On August 14, I woke up early in the morning and saw images on the news of military and police forces beginning the dispersal of Rabaa. Amir had been there since 5am and returned home at noon for just a few minutes to upload photos he had taken to Facebook. His wife noticed he was injured in his leg and begged him to stay, but Amir told her he felt obligated to help the others. By then, he reported, hundreds were already killed with thousands more injured. He felt it would be wrong for him to abandon them with no help, particularly the women and children.
My mother repeatedly called Amir's phone to try to convince him to return home, until someone else finally answered at 2:30pm. She immediately sensed something was wrong, but there was no word for the next 12 hours. Amir's wife eventually found his dead body on the street in Rabaa, but because the country was under curfew, my family and I were prevented from retrieving him.
A makeshift morgue at Masjid al-Iman
With the help of a neighbour, my sister-in-law carried her husband's body to a makeshift morgue set up at the al-Iman Mosque. That's where I found Amir's body on August 15, among 350 bodies I personally counted of murdered protesters.
I drove my parents to the mosque and as we pulled near Rabaa, it looked like a war zone. We were in disbelief. The mosque was wall to wall with dead bodies. It was a hot day and, with no refrigeration, all anyone could smell was death. Rows and rows of bodies were covered in white sheets. To find Amir's body, we had to uncover the faces of some 50 corpses. I had never seen that many dead people in my life.
My heart sank when we identified Amir's body. He had a gaping hole in his neck, which appeared to be the result of a high-caliber single bullet. The carpet of the mosque was soaked in blood, and there were mothers, friends, and mourners sitting by the bodies of their loved ones in various states of shock.
Death by 'natural causes'
We wanted to remove Amir's body from the Al-Iman Mosque for burial, but were told that we would first need a death certificate. The coup regime had virtually kept the dead bodies hostage until family members accepted death certificates claiming that the murdered protesters had died of "natural causes". Otherwise, we were told, the process would be delayed for days while bodies simply decomposed.
While many people were pressured to accept this lie, my parents were determined otherwise. The next steps were to file a police report, get a case number, and hire a medical examiner to examine my brother and sign the death certificate with the real cause of death. The ordeal took an entire day, during which some relatives and I visited a nearby morgue where hundreds of dead protestors were piled.
Despite the state of emergency, my brother's funeral was attended by a thousand people. Travelling from the mosque to the graveyard was challenging, as many of the roads were blocked, and groups of thugs were running checkpoints, robbing, and beating people, all under the watchful eye of security forces. At one point we lost hope of reaching our destination, but we persisted and buried my brother late at night under the glow of our flashlights.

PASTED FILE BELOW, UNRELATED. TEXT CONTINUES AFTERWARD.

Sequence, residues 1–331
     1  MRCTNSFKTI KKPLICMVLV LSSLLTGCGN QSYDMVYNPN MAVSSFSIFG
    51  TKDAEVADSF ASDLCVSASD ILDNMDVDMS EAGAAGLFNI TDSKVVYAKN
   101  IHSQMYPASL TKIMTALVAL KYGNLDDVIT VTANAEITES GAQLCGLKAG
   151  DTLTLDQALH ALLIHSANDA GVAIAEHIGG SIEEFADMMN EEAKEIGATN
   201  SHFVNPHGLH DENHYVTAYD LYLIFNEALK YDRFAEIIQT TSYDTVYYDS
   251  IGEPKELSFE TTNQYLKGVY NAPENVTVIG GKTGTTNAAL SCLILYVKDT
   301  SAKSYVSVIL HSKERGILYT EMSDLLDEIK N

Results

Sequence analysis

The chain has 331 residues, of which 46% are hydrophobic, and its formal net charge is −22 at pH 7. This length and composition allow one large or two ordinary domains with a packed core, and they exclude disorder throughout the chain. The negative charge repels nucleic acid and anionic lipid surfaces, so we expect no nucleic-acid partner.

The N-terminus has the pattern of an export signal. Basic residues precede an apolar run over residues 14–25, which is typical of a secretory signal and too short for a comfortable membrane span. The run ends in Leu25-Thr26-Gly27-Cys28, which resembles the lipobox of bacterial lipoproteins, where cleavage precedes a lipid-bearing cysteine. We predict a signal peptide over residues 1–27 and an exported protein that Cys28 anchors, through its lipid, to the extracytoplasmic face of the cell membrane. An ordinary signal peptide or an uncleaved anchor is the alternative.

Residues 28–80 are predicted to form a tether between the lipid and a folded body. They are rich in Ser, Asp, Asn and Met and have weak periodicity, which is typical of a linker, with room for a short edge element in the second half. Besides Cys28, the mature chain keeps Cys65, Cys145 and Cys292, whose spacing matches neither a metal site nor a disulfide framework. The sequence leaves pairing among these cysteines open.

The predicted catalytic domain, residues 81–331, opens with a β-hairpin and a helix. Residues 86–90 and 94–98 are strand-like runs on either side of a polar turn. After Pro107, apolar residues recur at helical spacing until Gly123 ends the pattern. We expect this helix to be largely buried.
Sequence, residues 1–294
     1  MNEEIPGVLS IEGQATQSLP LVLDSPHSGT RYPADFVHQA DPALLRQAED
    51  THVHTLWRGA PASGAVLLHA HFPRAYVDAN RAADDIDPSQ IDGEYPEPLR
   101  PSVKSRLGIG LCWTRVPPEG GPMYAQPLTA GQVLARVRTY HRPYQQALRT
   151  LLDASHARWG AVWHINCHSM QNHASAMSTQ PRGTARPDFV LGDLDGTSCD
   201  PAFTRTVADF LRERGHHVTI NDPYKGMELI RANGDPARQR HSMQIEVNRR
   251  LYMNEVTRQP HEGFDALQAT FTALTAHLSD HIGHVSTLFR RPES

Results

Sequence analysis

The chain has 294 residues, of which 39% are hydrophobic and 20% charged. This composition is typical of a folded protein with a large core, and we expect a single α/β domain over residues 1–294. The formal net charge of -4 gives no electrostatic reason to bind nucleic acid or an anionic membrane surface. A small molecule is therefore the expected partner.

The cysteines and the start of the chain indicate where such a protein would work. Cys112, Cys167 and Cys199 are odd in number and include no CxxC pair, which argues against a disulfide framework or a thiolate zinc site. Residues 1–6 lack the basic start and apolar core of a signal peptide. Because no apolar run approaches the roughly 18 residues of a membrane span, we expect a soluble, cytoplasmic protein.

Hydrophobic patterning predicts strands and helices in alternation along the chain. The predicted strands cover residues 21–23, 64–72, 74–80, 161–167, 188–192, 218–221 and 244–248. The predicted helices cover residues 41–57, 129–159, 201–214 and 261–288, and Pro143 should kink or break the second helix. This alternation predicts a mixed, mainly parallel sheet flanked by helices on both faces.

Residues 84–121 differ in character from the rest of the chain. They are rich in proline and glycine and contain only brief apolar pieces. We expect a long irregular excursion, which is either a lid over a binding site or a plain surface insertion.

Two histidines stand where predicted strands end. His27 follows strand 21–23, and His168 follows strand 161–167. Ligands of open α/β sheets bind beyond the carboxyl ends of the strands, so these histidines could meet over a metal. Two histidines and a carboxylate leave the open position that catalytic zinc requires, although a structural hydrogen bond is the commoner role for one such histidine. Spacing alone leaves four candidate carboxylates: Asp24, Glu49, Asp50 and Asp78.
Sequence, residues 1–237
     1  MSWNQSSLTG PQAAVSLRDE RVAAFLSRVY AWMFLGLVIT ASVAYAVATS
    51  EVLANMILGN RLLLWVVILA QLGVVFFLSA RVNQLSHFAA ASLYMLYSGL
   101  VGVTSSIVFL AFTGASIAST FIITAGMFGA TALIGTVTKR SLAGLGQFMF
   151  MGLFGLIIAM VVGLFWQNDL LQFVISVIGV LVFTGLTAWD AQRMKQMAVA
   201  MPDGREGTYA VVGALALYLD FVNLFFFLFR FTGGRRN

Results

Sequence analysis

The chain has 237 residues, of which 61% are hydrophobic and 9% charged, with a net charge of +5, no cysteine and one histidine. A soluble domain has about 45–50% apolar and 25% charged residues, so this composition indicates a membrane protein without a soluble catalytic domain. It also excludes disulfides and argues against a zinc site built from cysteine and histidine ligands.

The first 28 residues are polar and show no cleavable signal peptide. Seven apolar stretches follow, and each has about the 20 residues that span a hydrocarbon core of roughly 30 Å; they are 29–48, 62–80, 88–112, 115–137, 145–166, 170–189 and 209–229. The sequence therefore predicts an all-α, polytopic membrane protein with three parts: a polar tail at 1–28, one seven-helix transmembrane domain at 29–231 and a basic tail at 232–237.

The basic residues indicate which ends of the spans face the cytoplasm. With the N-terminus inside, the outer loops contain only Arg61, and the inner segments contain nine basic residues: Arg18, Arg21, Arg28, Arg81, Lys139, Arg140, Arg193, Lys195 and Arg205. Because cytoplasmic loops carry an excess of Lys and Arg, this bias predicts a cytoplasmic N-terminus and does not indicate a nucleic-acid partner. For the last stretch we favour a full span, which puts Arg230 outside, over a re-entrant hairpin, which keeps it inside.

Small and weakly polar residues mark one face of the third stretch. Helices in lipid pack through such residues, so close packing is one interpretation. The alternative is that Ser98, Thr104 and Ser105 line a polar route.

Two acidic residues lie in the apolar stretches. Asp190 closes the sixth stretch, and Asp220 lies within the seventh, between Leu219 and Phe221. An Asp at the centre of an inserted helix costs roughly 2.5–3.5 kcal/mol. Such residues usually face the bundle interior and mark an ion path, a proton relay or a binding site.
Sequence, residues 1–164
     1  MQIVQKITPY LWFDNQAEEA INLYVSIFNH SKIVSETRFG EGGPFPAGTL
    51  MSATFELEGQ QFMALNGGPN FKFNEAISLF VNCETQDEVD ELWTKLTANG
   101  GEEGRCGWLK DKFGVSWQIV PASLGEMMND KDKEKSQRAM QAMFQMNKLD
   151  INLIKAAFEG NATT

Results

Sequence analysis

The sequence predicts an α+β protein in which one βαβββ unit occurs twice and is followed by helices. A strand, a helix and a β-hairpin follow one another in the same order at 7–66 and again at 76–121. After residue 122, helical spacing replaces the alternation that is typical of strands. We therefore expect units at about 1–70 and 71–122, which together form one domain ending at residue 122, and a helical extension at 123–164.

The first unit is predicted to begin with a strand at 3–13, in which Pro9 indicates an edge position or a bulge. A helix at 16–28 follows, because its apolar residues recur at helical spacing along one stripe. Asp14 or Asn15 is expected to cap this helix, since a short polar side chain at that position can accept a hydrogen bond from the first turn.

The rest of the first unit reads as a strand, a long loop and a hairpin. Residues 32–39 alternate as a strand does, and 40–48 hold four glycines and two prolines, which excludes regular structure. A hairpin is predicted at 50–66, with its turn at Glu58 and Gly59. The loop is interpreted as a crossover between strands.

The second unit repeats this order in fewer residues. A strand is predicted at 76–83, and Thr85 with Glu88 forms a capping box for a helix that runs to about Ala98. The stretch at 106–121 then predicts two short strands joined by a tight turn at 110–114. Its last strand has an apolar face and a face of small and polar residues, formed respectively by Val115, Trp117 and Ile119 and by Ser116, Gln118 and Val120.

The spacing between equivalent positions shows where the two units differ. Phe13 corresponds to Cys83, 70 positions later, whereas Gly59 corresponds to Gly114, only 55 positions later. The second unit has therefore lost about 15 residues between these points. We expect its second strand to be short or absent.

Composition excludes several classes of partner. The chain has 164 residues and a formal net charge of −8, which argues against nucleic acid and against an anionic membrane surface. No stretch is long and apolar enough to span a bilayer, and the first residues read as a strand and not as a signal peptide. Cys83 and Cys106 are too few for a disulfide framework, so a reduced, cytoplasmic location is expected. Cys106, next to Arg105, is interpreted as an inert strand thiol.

Justice for the victims
As eyewitnesses to the peaceful demonstrations held at Rabaa Square before the violent government crackdown, my family and I are under no illusions about who is responsible for these crimes against humanity. There are no words to express the pain my mother and father endured that day and since losing their son, murdered by his own government.
We hold General Sisi, Interior Minister Mohamed Ibrahim, and their administration responsible for the systematic and intentional killing of Amir and his fellow protestors, whose lives were sacrificed in their unwavering struggle for freedom and democracy. Since the Rabaa tragedy one year ago, many conscientious Egyptians have sought to honour the victims by continuing their fight against tyranny and to reinstate democracy.
Sadly, my brother was correct in recognising the incompleteness of the January 25 Revolution that failed to bring an end to a brutal, repressive regime. Sisi's military government has committed a series of horrific crimes, including mass killings and arrests, torture and abuse in prisons, and stifling all political dissent.
As I remember Amir on the one year anniversary of his death, I remember his July 3 phone call urging me to do what I can to ensure that the US government supports democracy and freedom in Egypt and not military rule. The US, the European Union, and the United Nations must commission an official investigation of the Rabaa Massacre and bring the perpetrators to justice. The international community must isolate Egypt's military regime and deny them any form of legitimacy. Because without justice, there will never be peace or stability in Egypt.
Ahmed Bedier is an Egyptian-American social entrepreneur, non-profit CEO, radio show host, human rights and democracy advocate and television commentator. His brother Amir was shot and killed by Egypt's security forces during the violent dispersal of Rabaa square sit-in.
Follow him on Twitter: @bedier
Source: Al Jazeera